For instance, if you have two characters in conversation, you don’t need to say: “Bob smiled at Anna.”  You can just say, “Bob smiled,” unless it’s absolutely crucial to the story that the reader knows he’s smiling at Anna — for instance, if Bob has a phobia of smiling at people but for some reason smiles at Anna just now.  You see.  Cutting out those two words is a syllabic cut.  You’re trimming down the number of syllables so that what is conveyed is what is most important.

I think a lot of this kind of editing comes from accommodating editors/publishers who insist on a certain word count for submissions.  So, if Publisher Bob only accepts manuscripts up to 100K words and your masterpiece is 110K words, well, you need to find 10K useless words to scratch.  But even if you’re self-publishing, you should go through your manuscript with the same brutality….err…..care.  Set yourself a word limit and then find all the places where you can cut.

Limits are a lot like deadlines.  They can be incredibly powerful motivators.  And the best thing is, the tighter your manuscript is, the better it is.  Always.  Trust me.  You might make a macro cut — like excising a whole scene — that you later regret, but I’ve never come across a situation where I regretted cutting out “at Anna.”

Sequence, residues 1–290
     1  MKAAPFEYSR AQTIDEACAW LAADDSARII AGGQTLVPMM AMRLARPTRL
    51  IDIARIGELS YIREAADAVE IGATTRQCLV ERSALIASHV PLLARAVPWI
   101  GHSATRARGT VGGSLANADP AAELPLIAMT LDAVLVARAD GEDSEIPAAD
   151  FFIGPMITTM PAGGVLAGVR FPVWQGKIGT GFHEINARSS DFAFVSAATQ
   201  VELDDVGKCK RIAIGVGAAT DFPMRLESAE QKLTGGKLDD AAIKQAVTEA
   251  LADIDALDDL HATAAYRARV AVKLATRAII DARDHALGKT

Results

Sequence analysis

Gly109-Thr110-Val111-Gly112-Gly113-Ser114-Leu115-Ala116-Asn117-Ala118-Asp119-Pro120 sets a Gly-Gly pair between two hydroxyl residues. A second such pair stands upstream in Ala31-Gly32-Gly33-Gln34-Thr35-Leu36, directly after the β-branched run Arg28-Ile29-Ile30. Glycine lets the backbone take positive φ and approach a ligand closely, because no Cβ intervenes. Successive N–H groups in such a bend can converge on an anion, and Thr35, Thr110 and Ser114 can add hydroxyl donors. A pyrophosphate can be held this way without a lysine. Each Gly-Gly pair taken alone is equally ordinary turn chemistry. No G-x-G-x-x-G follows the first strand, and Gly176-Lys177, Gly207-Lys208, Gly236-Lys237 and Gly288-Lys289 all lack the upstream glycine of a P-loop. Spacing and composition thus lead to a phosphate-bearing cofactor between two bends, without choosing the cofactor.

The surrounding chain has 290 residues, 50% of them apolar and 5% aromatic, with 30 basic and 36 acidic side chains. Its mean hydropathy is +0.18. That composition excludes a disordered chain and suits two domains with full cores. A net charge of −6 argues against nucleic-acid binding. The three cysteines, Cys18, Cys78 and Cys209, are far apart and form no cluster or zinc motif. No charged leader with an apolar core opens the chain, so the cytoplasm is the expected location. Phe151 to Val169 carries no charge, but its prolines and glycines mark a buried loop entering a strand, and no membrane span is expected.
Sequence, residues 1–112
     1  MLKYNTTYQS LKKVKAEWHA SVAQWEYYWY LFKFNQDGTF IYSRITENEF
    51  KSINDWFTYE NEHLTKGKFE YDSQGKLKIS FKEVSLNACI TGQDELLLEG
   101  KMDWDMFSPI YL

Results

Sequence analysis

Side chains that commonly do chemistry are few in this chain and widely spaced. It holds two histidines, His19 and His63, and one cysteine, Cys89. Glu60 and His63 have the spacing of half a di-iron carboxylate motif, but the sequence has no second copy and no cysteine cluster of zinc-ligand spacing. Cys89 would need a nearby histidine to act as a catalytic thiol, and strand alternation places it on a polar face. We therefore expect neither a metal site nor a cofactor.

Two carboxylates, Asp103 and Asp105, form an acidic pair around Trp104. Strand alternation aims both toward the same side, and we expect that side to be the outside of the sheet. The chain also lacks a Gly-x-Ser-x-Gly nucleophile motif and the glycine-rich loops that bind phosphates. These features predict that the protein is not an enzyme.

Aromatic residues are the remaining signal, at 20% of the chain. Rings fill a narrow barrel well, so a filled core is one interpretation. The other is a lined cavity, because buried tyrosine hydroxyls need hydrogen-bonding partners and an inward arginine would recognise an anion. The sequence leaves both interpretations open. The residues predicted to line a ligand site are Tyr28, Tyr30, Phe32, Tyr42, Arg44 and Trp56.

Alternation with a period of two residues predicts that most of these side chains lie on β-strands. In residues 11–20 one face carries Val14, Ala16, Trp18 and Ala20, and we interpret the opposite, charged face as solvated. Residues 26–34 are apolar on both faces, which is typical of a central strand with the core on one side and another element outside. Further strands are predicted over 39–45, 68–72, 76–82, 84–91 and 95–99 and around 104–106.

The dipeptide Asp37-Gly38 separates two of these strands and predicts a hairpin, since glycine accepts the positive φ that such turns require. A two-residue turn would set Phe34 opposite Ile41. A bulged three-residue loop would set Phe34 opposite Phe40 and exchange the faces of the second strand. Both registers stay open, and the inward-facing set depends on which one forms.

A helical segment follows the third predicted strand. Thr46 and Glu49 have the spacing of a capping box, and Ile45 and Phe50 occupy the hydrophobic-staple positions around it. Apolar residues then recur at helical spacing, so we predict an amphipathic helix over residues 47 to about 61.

Now, the other part of syllabic editing — and the part I think is the most interesting — is what gives that first part a positive quality, so that you’re “adding by subtracting,” as they say, and not just subtracting.  In other words, you want your prose not only to get from Point A to Point B in the most concise way possible (for your particular style/tone), but also to get there as effortlessly as possible.  And I mean effortless on the part of the reader.  A well-made movie doesn’t draw attention to itself on a mechanical level, but lets you simply live the story.  Likewise, a good novel should sweep the reader along without giving them any reason to stop and say, “Wait, why did he write that sentence like that?”